On Falling and Getting Up Again

This was a surprisingly difficult post to write. I sat on it, even after I knew I would have to take the time, for longer than I care to admit. I’ve included personal vignettes and the general outline of my story, but this, my story of overcoming and of renewal, requires more than a silhouette. In the spaces I became familiar with in undergrad, we had a lot of meetings and discussions about sensitive topics. I remember one activity that involved the facilitators of discussion asking us progressively more personal questions about our family background, race/ethnicity, etc. If yes, we would step into the center of the circle. If no, we would stay where we were.

It is important to acknowledge the role of failure in growth and learning, especially for members of our community. Too often, one or two children in certain families will begin carrying the mantle of ‘success’, with tremendous pressure to do well in every way and at every turn. Not only is this unhealthy for those children, but what about the children who are left back a grade, who struggle and fail at particular subjects, who work right out of high school and put off college? Too often, those children are put aside and left to fend for themselves if they choose to continue their educations, as they are pigeonholed as not being ‘smart’ enough for college.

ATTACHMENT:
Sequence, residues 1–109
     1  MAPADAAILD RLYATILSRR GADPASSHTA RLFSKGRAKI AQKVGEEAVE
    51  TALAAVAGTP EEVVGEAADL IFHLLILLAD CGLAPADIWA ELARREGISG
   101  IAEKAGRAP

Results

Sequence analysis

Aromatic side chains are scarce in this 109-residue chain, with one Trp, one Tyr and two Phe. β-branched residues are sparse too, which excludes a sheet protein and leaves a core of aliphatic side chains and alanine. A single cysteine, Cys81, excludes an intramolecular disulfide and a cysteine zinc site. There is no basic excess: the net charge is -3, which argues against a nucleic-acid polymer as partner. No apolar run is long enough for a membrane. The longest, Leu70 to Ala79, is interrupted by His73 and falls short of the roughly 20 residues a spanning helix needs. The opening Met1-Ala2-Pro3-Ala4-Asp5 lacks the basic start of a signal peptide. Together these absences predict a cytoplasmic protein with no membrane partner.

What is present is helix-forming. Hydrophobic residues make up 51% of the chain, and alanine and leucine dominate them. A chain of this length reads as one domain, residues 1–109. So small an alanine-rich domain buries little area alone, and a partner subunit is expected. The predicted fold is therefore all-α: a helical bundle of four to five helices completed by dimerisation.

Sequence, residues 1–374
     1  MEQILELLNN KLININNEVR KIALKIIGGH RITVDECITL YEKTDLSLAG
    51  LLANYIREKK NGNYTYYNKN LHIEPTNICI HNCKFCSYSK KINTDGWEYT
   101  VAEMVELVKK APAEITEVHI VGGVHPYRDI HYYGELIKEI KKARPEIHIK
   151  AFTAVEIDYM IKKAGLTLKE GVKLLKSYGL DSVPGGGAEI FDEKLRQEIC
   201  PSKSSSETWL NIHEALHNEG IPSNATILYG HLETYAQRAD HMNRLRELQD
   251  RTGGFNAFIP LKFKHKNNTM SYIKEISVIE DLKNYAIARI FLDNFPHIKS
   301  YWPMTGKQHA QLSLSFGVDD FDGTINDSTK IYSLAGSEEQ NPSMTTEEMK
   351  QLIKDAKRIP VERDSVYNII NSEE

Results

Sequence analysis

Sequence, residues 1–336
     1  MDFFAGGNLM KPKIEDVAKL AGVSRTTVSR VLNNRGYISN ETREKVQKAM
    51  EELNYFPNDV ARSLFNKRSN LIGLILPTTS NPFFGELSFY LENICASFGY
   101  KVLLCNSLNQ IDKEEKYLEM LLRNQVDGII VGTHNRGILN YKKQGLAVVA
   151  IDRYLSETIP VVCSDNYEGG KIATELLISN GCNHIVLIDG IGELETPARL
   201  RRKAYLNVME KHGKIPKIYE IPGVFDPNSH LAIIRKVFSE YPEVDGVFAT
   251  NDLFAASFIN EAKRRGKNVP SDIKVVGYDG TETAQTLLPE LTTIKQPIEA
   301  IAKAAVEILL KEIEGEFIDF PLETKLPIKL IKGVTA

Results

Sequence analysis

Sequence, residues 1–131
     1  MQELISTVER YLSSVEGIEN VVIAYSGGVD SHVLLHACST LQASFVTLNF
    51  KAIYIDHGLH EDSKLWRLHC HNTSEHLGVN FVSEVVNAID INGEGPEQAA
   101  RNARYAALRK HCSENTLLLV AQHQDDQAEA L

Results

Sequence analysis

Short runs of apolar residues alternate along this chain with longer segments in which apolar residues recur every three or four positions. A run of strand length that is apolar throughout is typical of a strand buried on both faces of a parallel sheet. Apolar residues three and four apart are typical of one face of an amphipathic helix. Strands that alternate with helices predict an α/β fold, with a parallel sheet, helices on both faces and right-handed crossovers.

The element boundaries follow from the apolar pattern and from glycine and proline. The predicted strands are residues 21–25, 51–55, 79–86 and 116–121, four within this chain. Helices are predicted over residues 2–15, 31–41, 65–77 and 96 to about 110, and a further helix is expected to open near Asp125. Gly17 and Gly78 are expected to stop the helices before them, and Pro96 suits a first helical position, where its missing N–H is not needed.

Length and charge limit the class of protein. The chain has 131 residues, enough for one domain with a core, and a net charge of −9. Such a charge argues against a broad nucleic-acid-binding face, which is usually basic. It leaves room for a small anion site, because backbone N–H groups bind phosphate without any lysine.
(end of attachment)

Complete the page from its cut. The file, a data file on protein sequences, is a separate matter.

On the other hand, the children who are pushed to succeed in school and to attend college have an entirely different set of struggles with which to contend. Entering college spaces from a first generation background can be (and was for me) a deeply jarring experience. All your life, you knew that there were kids out there who didn’t have to work to make ends meet, whose parents paid for all of the programs and sports they could fit on a resume, etc. All of a sudden, you’re studying alongside those people and their generation spanning relationship and resultant comfort with higher education. Think about these things for a second. If you’re first generation, mentally step into the circle. If you’re from a low income background, mentally step into the circle. If you had or have a strained relationship with your parents or a unique family structure, mentally step into the circle.

I have found that becoming self-aware is the first step toward understanding how these identities impact and will continue to impact your behaviors, beliefs and general paradigm. Take a second and think about how those or other personally significant identities have helped form who you are today, and whether you are using them to your advantage or letting them use you.

Now the question becomes, how do we take all of these experiences and begin working our way toward full acknowledgment and utilization of them? Anecdotally, I have found that changing your thinking about a situation helps immeasurably. Rather than bemoaning my upbringing, I wear it as a badge of pride. Without that upbringing, how could I have forged the decisiveness and fortitude required to begin a 3 year JD/MBA program at the age of 22? Without that upbringing, how could I have had the time management skills to work full time during my 4 years at Columbia undergrad? Rather than thinking about what growing up the way you did took away from you, think about what it gave you. Think about how it helped you grow. Now go forth and #Practice Excellence, understanding that you should be proud of what you have overcome to get where you are today!

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